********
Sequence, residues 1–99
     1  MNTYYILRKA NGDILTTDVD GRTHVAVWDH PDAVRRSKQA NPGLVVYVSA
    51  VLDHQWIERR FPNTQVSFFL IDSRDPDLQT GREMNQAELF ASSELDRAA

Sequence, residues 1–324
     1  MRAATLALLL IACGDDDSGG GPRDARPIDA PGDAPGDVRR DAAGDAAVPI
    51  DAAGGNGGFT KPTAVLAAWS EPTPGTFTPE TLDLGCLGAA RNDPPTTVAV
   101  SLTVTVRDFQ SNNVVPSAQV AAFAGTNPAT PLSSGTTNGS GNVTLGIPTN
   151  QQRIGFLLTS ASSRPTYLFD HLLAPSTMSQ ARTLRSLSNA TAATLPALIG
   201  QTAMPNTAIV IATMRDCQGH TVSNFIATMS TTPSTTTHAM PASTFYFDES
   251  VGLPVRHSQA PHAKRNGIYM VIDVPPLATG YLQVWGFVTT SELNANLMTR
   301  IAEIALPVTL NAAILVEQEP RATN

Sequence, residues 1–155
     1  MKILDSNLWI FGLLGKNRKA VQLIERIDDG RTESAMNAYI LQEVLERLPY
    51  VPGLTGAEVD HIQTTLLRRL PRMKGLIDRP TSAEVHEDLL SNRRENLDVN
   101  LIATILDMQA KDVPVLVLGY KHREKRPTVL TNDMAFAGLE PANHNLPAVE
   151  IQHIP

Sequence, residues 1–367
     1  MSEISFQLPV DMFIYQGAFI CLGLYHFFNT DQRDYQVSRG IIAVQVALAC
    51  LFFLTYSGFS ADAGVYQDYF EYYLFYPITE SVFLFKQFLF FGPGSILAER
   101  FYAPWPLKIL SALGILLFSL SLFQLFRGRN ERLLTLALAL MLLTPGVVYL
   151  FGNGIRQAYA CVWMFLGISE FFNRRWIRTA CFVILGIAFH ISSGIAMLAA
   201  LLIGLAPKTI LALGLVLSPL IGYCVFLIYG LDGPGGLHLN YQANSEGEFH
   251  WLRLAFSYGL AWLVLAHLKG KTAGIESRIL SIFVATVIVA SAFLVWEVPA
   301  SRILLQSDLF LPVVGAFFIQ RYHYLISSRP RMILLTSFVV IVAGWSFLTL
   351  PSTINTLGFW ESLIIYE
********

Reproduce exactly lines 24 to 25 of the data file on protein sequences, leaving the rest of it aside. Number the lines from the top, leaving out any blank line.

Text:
   301  SRILLQSDLF LPVVGAFFIQ RYHYLISSRP RMILLTSFVV IVAGWSFLTL
   351  PSTINTLGFW ESLIIYE